Easily distracted? Here's why that could mean you’re a bonafide genius
Imagine this: you’re at the office, minding your own business and eating a sad desk lunch while trying to finish your latest project when — out of nowhere — your coworker’s iPhone starts blaring the latest Kesha song.
And just like that, you forget what you were doing all the while your deadline is creeping ever closer. But all is not lost. Even though you’re easily distracted, we have some very good news: It might just mean you’re a creative genius.
A fascinating new study out of Northwestern University links the inability to deal with “irrelevant sensory information” like construction, noisy eaters, and yes, even a raucous coworker to a higher real-world creativity.
The study cites other brilliant minds like Charles Darwin, Franz Kafka, and Marcel Proust who also had the distraction disease. The French novelist and essayist was so sensitive to outside noises that he slept in a cork-lined bedroom and worked with earplugs in to filter out sounds.
And Kafka once said of his work: “I need solitude for my writing; not ‘like a hermit’ — that wouldn’t be enough — but like a dead man.”
Darya Zabelina, the lead author of the study, says the brain starts filtering out “irrelevant sensory information” early. It’s a totally involuntary action, some people have a “leaky” sensory gate, meaning they aren’t able to filter out distracting sounds and sights as well as others.
Look at that as a double-edged sword — though people with “leaky” gates have more difficulty filtering out distractions, they also tend to look at things in non-conventional ways, making them much more creative and innovative than someone who looks at the world in black and white.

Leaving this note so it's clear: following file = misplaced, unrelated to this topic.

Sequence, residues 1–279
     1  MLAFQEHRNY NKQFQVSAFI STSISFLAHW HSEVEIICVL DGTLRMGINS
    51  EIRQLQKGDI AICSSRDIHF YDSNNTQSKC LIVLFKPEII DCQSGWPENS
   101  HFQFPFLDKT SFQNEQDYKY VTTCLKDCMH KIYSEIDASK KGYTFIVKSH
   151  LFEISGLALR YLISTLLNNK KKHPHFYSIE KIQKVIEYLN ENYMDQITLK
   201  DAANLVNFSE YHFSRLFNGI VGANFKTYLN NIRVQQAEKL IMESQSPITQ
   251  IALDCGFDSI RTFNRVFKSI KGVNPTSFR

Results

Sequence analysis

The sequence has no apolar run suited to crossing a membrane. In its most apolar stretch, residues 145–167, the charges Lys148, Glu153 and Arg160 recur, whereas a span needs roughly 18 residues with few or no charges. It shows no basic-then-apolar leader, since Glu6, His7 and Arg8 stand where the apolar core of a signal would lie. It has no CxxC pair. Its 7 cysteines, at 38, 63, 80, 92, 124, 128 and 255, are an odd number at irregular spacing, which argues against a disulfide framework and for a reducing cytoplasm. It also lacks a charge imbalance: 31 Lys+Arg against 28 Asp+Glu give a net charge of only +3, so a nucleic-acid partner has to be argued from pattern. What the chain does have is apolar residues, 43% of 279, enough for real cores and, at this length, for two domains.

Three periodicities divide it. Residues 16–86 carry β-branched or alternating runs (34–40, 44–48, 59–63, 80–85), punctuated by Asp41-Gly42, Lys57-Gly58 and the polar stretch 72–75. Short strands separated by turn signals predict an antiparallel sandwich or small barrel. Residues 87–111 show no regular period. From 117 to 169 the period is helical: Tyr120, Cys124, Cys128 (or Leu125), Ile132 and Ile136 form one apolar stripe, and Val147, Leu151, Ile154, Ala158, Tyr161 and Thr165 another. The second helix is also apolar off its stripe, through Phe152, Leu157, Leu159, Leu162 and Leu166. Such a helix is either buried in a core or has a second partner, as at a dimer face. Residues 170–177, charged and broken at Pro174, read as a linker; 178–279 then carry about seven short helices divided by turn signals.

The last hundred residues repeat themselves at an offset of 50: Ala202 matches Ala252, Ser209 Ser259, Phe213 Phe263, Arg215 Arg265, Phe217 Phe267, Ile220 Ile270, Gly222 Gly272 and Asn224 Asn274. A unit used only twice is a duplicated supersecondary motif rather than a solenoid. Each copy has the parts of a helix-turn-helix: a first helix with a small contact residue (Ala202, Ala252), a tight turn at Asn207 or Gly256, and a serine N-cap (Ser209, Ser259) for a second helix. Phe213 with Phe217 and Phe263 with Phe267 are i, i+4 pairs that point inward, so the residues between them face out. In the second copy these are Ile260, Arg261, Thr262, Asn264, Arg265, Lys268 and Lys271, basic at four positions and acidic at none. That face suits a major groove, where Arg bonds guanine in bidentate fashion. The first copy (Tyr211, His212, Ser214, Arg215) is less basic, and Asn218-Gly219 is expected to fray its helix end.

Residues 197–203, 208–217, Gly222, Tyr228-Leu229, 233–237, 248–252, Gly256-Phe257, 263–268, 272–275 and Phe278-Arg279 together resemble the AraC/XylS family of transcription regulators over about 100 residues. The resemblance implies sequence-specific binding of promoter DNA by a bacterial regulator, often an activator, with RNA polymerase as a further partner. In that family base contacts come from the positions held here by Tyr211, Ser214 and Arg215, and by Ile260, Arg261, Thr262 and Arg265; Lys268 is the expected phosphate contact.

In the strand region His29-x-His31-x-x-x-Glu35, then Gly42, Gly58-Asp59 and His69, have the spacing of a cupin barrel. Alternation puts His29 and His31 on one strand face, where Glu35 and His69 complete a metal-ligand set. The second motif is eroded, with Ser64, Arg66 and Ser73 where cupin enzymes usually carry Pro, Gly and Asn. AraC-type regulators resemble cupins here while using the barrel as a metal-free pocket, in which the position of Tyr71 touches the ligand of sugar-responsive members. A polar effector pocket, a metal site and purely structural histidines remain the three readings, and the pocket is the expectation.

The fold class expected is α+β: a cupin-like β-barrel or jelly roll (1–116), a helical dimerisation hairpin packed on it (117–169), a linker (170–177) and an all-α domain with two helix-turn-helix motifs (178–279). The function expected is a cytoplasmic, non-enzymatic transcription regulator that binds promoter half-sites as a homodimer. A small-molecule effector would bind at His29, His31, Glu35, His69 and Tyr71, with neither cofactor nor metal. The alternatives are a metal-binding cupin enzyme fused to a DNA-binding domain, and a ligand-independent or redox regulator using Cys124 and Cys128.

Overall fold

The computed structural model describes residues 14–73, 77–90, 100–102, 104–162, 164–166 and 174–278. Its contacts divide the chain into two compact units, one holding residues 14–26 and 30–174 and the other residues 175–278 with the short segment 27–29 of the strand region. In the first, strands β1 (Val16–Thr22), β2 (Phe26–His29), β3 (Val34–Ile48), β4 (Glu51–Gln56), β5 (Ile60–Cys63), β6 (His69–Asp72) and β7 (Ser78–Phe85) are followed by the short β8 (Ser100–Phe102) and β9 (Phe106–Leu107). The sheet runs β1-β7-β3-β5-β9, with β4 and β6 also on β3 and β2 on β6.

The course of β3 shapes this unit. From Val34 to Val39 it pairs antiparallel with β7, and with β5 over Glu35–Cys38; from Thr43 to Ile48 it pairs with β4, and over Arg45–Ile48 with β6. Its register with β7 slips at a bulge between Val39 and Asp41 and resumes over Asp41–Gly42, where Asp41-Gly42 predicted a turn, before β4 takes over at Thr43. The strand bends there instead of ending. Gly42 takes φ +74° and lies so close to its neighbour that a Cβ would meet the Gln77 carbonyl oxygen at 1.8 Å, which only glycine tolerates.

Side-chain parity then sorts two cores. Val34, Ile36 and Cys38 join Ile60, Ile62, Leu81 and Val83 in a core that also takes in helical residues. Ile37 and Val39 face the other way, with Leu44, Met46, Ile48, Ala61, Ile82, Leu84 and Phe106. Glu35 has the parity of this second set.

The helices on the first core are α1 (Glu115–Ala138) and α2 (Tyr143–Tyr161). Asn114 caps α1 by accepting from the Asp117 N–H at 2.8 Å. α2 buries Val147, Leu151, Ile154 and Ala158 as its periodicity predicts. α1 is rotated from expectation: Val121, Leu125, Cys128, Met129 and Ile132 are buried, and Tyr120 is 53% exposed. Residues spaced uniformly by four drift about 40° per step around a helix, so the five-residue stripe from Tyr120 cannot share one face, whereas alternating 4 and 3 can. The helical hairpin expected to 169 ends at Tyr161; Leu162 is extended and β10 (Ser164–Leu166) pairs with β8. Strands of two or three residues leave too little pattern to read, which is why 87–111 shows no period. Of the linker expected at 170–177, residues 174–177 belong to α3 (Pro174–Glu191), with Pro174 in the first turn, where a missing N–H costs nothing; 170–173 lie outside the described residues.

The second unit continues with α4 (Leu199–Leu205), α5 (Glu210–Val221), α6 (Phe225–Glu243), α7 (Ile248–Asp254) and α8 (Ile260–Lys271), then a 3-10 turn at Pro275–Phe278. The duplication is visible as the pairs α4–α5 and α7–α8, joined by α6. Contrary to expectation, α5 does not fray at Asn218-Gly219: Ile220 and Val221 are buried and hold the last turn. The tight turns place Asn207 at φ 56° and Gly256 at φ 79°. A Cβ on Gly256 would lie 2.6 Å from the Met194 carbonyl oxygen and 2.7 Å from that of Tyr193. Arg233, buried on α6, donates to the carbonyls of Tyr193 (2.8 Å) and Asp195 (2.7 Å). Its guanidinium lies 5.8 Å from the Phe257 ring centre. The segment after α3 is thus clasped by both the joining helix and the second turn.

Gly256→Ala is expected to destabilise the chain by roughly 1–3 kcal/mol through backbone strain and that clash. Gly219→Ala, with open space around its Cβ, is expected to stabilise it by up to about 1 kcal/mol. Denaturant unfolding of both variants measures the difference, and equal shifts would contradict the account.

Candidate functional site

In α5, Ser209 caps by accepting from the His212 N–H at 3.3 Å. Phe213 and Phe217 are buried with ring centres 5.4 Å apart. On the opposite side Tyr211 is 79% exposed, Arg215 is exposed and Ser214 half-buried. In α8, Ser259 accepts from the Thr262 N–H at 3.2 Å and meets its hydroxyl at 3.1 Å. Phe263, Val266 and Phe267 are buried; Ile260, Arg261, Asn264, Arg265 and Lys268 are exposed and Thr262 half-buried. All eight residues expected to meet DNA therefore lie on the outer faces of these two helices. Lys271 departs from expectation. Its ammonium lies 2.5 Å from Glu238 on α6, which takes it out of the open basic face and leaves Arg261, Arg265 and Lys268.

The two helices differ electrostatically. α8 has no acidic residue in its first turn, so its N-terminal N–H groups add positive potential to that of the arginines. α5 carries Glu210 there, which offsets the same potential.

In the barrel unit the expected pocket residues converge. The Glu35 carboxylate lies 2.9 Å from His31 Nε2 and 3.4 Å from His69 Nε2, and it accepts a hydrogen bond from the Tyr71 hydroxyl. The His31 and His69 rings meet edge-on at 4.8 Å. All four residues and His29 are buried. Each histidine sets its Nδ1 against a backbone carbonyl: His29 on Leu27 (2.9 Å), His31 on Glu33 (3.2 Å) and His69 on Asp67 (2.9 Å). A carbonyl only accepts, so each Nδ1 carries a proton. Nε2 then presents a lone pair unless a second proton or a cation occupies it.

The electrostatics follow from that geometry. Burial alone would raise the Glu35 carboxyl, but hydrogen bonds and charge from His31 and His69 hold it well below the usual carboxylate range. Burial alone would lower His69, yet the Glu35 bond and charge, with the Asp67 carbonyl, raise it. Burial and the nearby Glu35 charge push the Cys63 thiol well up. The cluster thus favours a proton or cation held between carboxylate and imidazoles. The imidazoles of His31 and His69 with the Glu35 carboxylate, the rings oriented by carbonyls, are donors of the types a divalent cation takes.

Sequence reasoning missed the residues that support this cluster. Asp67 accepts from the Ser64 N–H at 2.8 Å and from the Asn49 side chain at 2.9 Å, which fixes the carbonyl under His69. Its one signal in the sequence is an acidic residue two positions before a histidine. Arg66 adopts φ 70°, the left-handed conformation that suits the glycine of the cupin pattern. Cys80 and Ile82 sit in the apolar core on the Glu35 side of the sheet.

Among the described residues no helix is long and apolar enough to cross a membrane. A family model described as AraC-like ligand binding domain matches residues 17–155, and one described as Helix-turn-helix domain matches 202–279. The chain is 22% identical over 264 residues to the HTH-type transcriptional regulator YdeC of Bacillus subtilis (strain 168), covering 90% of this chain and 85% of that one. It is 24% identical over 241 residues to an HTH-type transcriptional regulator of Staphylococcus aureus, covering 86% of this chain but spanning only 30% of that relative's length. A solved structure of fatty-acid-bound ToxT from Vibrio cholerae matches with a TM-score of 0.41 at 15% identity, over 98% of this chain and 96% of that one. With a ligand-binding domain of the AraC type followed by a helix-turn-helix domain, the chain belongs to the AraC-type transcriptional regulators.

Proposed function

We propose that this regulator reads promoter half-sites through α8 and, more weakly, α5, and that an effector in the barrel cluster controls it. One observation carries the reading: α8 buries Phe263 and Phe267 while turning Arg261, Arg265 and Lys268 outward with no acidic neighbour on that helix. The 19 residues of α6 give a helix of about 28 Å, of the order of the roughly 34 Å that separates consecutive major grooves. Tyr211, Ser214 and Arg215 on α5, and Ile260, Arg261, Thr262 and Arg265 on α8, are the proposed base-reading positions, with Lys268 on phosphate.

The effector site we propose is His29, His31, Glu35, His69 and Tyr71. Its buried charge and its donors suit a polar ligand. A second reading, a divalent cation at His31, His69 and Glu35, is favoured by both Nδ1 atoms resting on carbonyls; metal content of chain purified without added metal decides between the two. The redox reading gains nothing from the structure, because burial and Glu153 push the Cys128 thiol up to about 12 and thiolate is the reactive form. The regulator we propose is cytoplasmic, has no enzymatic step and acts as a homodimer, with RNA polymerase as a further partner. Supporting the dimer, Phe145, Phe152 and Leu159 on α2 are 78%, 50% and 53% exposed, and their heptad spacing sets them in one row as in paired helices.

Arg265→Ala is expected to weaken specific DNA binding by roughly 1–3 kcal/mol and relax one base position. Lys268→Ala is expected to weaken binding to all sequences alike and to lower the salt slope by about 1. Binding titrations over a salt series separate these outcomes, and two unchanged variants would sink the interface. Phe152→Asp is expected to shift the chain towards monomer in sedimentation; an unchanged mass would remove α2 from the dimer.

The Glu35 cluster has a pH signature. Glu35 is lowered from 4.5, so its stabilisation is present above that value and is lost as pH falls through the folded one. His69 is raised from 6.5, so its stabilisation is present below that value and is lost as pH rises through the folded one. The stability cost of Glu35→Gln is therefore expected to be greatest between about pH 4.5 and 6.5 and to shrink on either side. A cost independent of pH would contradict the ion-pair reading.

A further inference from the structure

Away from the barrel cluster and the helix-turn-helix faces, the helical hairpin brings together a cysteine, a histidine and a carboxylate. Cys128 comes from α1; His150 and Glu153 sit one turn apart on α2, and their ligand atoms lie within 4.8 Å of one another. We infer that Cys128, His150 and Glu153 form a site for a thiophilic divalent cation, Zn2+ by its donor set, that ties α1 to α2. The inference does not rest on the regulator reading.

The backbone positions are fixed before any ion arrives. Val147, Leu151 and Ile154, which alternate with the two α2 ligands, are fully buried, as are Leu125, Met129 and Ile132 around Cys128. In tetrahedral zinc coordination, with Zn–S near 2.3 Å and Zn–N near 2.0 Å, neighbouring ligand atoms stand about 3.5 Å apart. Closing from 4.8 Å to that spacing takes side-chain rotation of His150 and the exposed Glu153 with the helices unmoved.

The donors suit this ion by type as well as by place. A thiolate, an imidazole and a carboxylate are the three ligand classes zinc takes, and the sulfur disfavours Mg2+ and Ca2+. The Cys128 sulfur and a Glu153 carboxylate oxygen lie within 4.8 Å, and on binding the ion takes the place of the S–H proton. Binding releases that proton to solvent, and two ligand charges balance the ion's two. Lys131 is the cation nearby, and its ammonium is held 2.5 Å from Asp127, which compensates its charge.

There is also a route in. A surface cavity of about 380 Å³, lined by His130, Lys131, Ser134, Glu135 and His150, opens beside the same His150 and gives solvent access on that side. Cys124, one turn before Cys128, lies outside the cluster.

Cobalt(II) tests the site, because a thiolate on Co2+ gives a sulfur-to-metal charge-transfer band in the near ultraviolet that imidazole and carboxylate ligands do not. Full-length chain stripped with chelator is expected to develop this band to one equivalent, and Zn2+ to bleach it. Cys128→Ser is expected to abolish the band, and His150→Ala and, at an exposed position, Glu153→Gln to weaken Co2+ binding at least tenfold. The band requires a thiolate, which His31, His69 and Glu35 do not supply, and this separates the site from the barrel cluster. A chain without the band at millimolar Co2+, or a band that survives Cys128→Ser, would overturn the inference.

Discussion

Here’s how they performed the study. The researchers at Northwestern studied 97 participants, testing them on a Creative Achievement Questionnaire, measuring their real-world creativity in art, dance, theater, writing, and inventions, and then asking them to perform a test of divergent thinking, or trying to solve a problem by exploring every possible solution.
The next step was to see how the test subjects responded to sound. Participants were put in a soundproof room while researchers played a consecutive clicking noise. Most participants responded most strongly to the fist click and filtered out the subsequent ones.
Those who didn’t filter out the clicking noises as well (the people with “leaky” gates) had many more real-world creative achievements in art, music, and science, and were better able to make connections between concepts and ideas, according to researchers.
So really, it’s all about being able to deal with your “leaky” gate.
“If funneled in the right direction, these sensitivities can make life more rich and meaningful, giving experiences more subtlety,” Zabelina says.
Whether or not that means wearing earplugs 24/7 and installing a soundproof room is your call.